Offshore energy market conditions change rapidly, with consequential demand changes for installation equipment, floating units and support vessels. Newbuilding requires a substantial investment and often takes (too) much time to obtain maximum benefit from an emerging opportunity. Upgrading or conversion of an existing unit can be a good alternative.

There are eight different hull types to choose from for floating offshore units. The most common vessel type is the ship-shaped monohull. Within the large pool of existing merchant and offshore vessels, both new and ageing, there are many suitable candidates for upgrades and conversions. Such a new lease of life expands their operational and economical portfolio and serves the offshore industry in reaching spectacular advances in transport, construction and installation performance.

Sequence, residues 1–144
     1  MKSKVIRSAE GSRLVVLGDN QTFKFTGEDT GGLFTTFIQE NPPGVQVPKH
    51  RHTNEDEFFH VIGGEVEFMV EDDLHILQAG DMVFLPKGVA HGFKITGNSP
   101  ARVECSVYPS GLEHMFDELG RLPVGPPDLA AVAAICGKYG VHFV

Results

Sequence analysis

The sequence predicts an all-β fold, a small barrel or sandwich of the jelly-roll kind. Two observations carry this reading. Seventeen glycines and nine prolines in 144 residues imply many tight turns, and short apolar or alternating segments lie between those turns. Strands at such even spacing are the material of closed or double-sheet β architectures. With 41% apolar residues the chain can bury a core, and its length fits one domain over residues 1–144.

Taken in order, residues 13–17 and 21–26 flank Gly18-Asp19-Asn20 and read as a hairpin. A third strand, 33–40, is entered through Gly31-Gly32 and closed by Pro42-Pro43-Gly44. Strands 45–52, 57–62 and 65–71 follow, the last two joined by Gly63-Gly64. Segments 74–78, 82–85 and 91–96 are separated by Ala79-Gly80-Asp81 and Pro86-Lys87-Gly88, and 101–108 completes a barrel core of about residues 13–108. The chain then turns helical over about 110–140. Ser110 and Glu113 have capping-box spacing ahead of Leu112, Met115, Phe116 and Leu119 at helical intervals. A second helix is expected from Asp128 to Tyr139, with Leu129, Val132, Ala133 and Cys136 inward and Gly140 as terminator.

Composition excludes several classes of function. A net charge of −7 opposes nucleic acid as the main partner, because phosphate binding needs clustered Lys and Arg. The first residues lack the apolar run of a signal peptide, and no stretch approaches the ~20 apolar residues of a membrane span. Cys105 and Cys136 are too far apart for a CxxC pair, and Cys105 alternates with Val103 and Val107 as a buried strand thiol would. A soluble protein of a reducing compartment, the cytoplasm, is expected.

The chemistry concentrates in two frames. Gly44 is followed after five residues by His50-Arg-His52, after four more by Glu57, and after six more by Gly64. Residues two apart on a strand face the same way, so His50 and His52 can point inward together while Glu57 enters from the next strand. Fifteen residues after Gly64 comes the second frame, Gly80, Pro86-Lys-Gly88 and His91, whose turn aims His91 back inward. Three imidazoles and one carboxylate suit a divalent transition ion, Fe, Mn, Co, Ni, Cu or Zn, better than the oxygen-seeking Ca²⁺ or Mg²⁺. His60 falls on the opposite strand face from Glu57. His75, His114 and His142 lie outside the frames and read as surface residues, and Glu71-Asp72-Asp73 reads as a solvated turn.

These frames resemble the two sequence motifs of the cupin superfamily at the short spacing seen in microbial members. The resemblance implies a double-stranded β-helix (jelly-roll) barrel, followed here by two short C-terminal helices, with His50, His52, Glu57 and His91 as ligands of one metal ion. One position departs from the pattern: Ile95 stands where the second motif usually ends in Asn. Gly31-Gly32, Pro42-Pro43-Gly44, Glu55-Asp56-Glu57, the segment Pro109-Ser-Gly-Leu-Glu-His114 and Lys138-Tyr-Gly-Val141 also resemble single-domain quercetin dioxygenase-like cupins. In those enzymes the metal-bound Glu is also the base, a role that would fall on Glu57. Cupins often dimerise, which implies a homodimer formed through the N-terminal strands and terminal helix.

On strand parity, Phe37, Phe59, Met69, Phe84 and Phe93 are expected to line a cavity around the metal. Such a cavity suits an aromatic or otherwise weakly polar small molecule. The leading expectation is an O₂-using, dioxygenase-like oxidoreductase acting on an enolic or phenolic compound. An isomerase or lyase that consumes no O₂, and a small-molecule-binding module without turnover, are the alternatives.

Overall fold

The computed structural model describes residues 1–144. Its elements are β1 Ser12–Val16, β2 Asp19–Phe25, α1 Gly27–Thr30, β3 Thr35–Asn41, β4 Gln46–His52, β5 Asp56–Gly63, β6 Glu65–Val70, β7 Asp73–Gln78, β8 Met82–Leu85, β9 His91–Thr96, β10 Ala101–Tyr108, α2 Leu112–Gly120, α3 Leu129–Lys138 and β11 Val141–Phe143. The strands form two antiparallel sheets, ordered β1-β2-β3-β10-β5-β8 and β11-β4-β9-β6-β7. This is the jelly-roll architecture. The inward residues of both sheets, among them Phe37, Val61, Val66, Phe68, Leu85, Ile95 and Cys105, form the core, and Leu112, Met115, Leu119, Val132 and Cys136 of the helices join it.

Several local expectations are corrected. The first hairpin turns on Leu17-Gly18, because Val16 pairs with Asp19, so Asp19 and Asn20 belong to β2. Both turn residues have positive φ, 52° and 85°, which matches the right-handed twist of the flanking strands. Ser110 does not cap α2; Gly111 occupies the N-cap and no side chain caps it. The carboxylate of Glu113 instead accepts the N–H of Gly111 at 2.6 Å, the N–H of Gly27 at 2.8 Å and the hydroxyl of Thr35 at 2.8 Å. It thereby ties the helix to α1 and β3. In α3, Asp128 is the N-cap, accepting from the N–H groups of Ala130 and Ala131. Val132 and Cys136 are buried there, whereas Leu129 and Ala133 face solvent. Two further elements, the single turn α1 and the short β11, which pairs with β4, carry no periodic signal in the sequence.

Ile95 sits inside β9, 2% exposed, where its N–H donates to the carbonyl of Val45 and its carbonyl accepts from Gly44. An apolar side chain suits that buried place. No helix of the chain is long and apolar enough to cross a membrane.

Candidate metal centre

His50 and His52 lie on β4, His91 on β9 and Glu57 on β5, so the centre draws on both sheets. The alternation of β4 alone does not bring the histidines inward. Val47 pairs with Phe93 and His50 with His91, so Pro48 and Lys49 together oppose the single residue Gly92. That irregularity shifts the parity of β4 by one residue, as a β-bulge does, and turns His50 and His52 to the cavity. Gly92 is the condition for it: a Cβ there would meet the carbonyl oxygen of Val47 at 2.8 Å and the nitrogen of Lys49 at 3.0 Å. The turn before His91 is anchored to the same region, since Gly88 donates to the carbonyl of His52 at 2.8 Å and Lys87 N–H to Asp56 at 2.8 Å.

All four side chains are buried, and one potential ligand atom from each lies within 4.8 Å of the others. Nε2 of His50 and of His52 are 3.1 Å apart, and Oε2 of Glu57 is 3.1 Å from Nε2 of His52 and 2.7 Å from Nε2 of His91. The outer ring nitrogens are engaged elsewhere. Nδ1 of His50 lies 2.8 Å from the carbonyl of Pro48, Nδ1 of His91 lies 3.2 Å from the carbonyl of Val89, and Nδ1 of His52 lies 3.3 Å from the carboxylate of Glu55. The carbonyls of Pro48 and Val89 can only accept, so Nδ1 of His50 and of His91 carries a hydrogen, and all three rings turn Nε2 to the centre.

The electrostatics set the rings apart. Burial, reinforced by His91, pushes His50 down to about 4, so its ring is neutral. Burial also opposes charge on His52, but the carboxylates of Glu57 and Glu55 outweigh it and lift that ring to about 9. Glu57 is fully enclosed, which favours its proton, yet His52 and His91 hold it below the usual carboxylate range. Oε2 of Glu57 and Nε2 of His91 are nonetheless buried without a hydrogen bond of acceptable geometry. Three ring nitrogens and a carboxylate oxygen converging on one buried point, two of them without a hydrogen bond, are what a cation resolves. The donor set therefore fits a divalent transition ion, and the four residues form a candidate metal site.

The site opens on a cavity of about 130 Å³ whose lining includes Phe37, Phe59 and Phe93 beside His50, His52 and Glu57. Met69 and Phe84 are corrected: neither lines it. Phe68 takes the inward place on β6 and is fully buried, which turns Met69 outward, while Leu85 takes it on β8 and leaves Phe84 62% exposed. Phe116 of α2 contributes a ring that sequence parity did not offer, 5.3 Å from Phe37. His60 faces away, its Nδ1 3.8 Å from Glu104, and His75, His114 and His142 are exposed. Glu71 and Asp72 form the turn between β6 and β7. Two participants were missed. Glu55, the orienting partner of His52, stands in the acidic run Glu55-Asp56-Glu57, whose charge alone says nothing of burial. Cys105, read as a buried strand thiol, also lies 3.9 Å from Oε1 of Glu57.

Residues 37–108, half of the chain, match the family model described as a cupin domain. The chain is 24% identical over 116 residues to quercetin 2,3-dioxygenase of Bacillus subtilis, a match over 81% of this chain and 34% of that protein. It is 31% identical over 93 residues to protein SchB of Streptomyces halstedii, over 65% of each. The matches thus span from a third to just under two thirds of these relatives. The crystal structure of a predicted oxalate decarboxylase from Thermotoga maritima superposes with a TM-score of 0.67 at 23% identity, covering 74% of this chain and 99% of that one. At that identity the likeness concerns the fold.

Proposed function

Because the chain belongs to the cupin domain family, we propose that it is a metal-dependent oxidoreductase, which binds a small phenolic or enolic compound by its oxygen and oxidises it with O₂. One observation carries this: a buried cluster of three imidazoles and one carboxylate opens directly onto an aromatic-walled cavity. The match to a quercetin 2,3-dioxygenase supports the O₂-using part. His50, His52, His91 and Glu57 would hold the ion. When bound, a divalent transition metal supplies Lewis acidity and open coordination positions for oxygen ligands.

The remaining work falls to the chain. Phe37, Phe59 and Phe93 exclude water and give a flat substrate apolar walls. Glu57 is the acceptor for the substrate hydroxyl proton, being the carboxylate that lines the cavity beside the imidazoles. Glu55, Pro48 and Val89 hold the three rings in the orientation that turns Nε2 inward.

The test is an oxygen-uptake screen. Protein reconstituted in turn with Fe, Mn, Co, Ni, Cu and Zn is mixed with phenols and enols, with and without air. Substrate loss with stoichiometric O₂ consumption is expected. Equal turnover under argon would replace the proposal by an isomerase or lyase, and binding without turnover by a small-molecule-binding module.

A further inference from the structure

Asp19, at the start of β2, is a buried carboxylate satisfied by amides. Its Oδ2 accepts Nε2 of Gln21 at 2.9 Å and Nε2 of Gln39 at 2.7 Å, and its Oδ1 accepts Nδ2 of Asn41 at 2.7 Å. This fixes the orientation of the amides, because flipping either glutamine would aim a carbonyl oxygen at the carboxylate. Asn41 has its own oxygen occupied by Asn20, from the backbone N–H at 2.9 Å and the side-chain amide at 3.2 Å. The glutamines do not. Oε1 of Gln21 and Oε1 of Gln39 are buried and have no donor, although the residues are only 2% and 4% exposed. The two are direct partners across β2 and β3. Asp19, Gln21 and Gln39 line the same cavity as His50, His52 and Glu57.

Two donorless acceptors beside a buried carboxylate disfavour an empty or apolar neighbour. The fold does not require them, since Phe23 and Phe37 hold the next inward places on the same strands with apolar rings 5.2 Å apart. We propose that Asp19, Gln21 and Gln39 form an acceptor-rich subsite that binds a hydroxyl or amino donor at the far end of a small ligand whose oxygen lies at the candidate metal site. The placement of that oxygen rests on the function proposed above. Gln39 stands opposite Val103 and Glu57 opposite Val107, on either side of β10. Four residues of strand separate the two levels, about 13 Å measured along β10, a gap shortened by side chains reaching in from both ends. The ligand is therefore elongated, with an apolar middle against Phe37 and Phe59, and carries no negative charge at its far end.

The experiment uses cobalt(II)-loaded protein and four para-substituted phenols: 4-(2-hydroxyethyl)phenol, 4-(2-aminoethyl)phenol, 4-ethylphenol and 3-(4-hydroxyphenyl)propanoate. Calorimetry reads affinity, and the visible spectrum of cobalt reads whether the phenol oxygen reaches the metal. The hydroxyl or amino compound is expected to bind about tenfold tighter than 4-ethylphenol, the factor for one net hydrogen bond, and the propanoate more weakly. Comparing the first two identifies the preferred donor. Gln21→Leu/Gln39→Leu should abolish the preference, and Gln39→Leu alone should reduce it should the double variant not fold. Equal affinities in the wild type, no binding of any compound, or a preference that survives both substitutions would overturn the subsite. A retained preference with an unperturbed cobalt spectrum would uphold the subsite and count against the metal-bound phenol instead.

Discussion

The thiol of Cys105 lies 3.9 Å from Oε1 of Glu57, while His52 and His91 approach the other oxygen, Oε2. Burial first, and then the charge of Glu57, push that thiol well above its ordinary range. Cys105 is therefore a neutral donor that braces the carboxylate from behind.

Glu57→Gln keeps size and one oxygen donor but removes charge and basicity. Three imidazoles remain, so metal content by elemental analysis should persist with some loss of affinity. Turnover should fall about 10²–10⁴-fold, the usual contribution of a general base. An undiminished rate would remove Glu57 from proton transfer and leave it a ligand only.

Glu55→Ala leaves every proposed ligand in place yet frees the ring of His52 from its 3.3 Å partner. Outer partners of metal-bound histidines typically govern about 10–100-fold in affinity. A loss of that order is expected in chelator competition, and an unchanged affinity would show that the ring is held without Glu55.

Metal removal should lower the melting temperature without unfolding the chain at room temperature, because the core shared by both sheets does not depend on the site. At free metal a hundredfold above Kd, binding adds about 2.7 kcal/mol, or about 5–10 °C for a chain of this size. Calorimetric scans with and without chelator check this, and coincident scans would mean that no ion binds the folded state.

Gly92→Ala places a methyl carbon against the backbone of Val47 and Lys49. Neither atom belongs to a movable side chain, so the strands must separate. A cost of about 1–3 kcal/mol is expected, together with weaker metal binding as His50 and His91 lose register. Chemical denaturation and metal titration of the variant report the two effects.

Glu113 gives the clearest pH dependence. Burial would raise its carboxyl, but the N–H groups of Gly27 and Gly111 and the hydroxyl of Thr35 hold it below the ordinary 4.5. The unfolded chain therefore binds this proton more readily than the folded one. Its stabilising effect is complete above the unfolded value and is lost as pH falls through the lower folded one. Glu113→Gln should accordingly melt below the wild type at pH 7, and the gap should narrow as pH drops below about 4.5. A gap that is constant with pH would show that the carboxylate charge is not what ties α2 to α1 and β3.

When upgrading or converting existing units multiple tiers of capability increase are distinguished. Each tier brings increasing complexity, risks and re-building costs. Options range from life extension and modernization of an older vessel, temporary conversion, capacity upgrade, adding functions, changing the present function, to ultimately the complete transformation of an older merchant cargo vessel into a brand new offshore unit. Major vessel conversions can be competitive with newbuilding options, provided that such a complex conversion project is prepared and managed well.

New insights into the market drivers for upgrading and conversion of floating offshore assets are provided. The broad range of offshore vessel modifications presented is an industry first. Some remarkable examples of capacity upgrades, double conversions and complete vessel makeovers are presented.

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